New York International Airport at Idlewild, planned by architect Wallace Harrison as “Terminal City”, placed TWA at a prominent bend along the circumferential roadway.

Designed to be experienced first through the windshield of a private automobile or taxi, this location was critical to the initial experience. Like the Beaux-Arts Public Library on its broad terrace, we are given the opportunity to comprehend the whole from the roadway before we enter. The building’s iconic silhouette was both a progressive corporate symbol and widely understood metaphor for flight.

If architecture is “frozen music”, TWA is Bossa Nova. Like that lyrical fusion of samba and jazz, TWA is smooth, sensual, expressive and Modern. Thin shell concrete, sinuously forms a porte coche, as we stepped from the car. Through glass automatic doors into a day lit, sculptural space, matte white circular tiles grew into fantastic forms; bridges, terraces, reception desks, arrival and departure boards. Up a half flight to a “TWA red” carpeted terrace. There, a sunken, red upholstered seating area where we could pause to survey a panorama of jet craft, through a broad, curved glass wall.

No need to descend to the tarmac to then climb up a rolling stair to the entry door of the plane, like all other terminals of the day. Instead, we walked from the daylight of the terminal terrace through white tubes awash with a luminescence whose source is hidden beneath the crimson carpeted paths. Gradually ascending, our destination was momentarily hidden by the arch of the tube, and then revealed: the “flight wing”. Here once again, daylight poured through glass walls and “jetways” connected directly to the aircraft.

From automobile drop off to aircraft, a seamless journey, made memorable by attention throughout to space, form, color, material.

From different eras, designed for different functions, yet The New York Public Library and The TWA Flight Center share that unmistakable, memorable quality of architecture as experience.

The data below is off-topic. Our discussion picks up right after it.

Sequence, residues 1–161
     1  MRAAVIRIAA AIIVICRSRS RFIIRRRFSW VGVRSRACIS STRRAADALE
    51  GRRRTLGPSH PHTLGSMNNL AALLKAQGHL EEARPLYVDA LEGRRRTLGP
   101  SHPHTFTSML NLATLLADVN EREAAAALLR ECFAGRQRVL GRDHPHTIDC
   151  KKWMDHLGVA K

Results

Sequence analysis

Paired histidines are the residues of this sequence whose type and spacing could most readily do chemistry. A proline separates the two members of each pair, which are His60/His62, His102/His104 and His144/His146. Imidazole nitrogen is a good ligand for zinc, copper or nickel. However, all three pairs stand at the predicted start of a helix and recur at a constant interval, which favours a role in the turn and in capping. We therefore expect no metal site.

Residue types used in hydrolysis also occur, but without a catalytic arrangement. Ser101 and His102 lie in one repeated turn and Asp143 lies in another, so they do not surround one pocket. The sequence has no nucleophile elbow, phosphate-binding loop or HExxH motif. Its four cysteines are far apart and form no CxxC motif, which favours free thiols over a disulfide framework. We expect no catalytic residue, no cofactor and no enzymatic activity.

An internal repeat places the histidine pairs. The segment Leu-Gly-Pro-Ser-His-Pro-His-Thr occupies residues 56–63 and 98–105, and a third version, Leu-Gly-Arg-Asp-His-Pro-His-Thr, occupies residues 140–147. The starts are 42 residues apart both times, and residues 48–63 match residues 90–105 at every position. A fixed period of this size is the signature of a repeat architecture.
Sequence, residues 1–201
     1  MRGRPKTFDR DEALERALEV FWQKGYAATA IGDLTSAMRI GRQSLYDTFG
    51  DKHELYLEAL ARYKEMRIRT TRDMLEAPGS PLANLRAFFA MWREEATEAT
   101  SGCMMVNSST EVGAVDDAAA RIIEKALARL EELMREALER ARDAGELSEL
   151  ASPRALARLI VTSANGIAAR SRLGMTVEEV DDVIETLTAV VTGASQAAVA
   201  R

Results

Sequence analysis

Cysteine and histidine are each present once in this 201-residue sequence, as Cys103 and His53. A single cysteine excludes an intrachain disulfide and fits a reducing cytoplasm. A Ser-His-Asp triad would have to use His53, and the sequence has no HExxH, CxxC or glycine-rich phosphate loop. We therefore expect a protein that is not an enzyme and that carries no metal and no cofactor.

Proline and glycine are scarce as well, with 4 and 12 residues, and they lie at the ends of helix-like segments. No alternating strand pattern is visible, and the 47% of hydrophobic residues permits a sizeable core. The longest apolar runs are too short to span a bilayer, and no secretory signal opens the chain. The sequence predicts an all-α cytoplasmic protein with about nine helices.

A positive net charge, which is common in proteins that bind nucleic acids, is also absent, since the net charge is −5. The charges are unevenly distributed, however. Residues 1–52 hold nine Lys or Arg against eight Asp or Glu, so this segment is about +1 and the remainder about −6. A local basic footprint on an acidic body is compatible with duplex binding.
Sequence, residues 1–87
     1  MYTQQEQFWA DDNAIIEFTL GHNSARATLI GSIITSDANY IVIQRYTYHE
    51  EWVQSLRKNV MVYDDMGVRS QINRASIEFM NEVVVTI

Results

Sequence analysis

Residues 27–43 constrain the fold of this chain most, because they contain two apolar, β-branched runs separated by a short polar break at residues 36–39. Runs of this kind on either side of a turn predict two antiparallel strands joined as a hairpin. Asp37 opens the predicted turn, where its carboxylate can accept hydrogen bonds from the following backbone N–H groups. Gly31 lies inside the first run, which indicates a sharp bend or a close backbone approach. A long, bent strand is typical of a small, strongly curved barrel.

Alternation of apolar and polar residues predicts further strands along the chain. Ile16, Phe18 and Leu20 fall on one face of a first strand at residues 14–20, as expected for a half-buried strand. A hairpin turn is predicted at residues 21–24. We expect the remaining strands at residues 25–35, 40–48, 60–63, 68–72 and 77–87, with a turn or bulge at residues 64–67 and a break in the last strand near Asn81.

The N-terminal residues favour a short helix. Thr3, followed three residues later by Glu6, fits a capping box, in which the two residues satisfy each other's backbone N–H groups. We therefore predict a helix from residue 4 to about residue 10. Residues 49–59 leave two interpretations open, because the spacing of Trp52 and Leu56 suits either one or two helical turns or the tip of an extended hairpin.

Resolve to #WriteBetter: Writing for Different Formats

playing_with_letter_clothespinIt’s the end of January, which means you’ve already lost your holiday weight (and more) by sticking to your New Years’ resolution, right?

Don’t worry if you’ve fallen off the wagon – we won’t judge you. But we WILL judge you by your writing! In particular, because this month we have given you the resources you need to #WriteBetter.

We’ve outlined our top five writing pet peeves and our top five style secrets. In our third and final post this month, we have some tips on how you can write well for different formats.

Today, we are equipped with more communications channels than ever before. It can be overwhelming. But it doesn’t have to be! Just lift your head out from under that snowstorm of tweets, texts, e-mails, blog posts, short articles, long articles, slideshows, photo captions, and status updates, and use these tips as a guide.

1. Tweets: A lot of people are nervous about getting started on Twitter, because they aren’t sure how it works. Just like eating an apple, we suggest you start by tweeting once a day, every day, and go from there.

A good tweet has four components: a link to an interesting news article or website; a short intro to the article that gives it context and intrigues your followers to click; a mention of another user related to the article (often the writer or the publication); a hashtag (#) that expresses something about the article or connects it to a larger trend.

We’re sticklers when it comes to correct grammar in traditional formats. On Twitter, though, because of space limitations, we think it’s acceptable to abbreviate words that are less important. We still suggest you avoid abbreviations when tweeting, unless absolutely necessary.